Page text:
Bil’s rating (out of 5): BBB.5
USA, 1950. Columbia Pictures. Screenplay by James Gunn, Anne Froelich, based on the play Craig’s Wife by George Kelly. Cinematography by Joseph Walker. Produced by William Dozier. Music by George Duning. Production Design by Walter Holscher. Costume Design by Sheila O’Brien. Film Editing by Viola Lawrence.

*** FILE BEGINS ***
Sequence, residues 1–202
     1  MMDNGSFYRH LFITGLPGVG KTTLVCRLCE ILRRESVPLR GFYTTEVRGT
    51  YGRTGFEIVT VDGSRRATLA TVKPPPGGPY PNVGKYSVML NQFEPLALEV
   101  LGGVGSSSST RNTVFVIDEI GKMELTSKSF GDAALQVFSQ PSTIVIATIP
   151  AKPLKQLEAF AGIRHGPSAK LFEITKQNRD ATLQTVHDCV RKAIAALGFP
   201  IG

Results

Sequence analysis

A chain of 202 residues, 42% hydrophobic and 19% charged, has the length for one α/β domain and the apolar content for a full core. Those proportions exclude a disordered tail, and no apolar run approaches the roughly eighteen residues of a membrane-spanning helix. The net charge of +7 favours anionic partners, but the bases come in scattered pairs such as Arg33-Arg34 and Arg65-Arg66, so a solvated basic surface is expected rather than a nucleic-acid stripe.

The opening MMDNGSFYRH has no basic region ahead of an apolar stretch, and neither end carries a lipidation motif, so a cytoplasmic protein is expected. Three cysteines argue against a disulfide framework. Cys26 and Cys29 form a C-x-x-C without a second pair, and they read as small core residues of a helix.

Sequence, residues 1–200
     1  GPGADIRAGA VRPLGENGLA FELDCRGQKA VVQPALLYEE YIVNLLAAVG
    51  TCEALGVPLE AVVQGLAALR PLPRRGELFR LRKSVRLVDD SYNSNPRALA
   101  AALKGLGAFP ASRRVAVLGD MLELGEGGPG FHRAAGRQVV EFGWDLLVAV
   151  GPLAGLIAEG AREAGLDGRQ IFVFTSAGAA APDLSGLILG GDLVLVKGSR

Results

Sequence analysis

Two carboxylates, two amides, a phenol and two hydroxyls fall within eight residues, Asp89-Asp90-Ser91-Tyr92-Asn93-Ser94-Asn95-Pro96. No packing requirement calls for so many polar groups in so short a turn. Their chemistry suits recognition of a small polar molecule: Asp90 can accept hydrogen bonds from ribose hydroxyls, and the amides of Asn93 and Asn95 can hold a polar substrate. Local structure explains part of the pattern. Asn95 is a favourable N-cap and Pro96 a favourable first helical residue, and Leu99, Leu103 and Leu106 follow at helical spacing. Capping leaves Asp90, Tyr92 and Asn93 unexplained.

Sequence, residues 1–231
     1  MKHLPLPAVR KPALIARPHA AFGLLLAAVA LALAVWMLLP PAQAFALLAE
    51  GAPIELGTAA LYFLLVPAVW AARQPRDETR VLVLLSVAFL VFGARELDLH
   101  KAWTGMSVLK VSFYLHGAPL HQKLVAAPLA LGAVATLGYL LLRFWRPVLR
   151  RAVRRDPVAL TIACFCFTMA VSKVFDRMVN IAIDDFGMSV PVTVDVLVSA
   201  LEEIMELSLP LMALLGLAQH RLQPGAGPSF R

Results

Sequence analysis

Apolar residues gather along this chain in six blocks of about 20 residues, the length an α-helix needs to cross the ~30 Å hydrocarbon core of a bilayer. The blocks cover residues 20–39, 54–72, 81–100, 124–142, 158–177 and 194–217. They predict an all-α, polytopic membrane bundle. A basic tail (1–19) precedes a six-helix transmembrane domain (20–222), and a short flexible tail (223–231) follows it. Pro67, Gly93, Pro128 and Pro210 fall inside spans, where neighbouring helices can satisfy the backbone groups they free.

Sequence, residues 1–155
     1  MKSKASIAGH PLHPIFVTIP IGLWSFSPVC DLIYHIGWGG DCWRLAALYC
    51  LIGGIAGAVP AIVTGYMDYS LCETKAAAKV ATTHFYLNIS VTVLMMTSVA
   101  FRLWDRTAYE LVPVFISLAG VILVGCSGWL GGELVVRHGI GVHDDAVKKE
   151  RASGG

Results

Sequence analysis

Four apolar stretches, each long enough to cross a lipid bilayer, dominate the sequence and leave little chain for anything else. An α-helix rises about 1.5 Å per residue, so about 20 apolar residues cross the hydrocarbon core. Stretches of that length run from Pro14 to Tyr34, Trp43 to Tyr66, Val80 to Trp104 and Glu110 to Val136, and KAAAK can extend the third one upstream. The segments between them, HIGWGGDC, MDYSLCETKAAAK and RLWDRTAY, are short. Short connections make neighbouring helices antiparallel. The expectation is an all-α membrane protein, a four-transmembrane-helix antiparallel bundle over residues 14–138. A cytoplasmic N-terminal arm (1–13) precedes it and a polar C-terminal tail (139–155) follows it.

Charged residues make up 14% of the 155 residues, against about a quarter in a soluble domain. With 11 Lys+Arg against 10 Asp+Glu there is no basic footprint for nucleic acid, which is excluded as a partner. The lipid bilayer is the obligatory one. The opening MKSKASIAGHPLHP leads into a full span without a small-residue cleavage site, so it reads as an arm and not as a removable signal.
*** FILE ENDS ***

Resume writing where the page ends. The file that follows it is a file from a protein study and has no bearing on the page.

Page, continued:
Harriet Craig (Joan Crawford) keeps up an exemplary home as the housewife to an old-money scientist (Wendell Corey), every item in their showroom parlor is placed to perfection, dinner is served exactly on time and social events are pulled off with classy, elegant ease. She keeps her own self in perfect order as well, not a single hair out of place and her dresses always the last word in tasteful fashion, an enviable and admirable life that all around her wonder at, namely because they don’t live with her: her cook (Ellen Corby), housekeeper (Viola Roache) and the live-in cousin (K.T. Stevens) that she has turned into an indentured servant are subjected to non-stop criticism, micromanagement and sometimes abuse in Harriet’s efforts to keep everything shipshape. The favourable opinion is that she’s just a perfectionist with some redeemable qualities, but the picture gets darker when she begins to interfere in Stevens’ love life, sabotaging a potential relationship which could bring the young woman into her own, then when Corey is offered a three-month business trip to Japan that could advance his career, she does what she can to ruin that as well. Harriet has control issues, and for all her manipulations is given what she deserves in response, but even that is not the entire story, because once we learn about who she really is and where she comes from, the villainous image we have created of her becomes something more complex. Adapted from the Pulitzer Prize-winning play Craig’s Wife by George Kelly (uncle of Grace), this isn’t a scintillating stage-to-film adaptation, it has the whiff of stale prestige in the way the camera circles the same few locations for lengthy periods of time and only briefly escapes into other spaces, but it also serves up a major slap in the face of suburban conformity just as America is about to enter the pristine hypocrisy of the Eisenhower years. You may hate Harriet for the awful things she does, but you also don’t want her to abandon her Stepford Wife efforts, you just expect her to be nicer about them, and she is here to tell you that it’s not possible to do both; a woman has to be the bad guy to let a husband glide through life so effortlessly, his ability to be kind to others is his privilege, and Crawford, a woman herself constantly misunderstood as a monster because of her ruthless desire to succeed, is the perfect person to deliver this message. The role itself doesn’t have the varying turns of emotional nuance that she pulls off so beautifully in Mildred Pierce or A Woman’s Face, but the reward she offers in the final scene makes the film a must-see. After watching her tell lies and negotiating with people’s desires every time she gets caught, we conclude with her pretense giving way to one monologue in which she tells the truth without dressing any of it up, and it is very clear when this highly skilled actress delivers it that it is coming from a different place than everything she has said before (and reportedly, as much of it pertains to her own real life, she wrote most of it herself). Overall the film is a mixed bag of rewards, the only other character who gives us as much to think about as Harriet does is Roache, whose confrontation with her is the film’s other best moment, but the good definitely outweighs the bad here.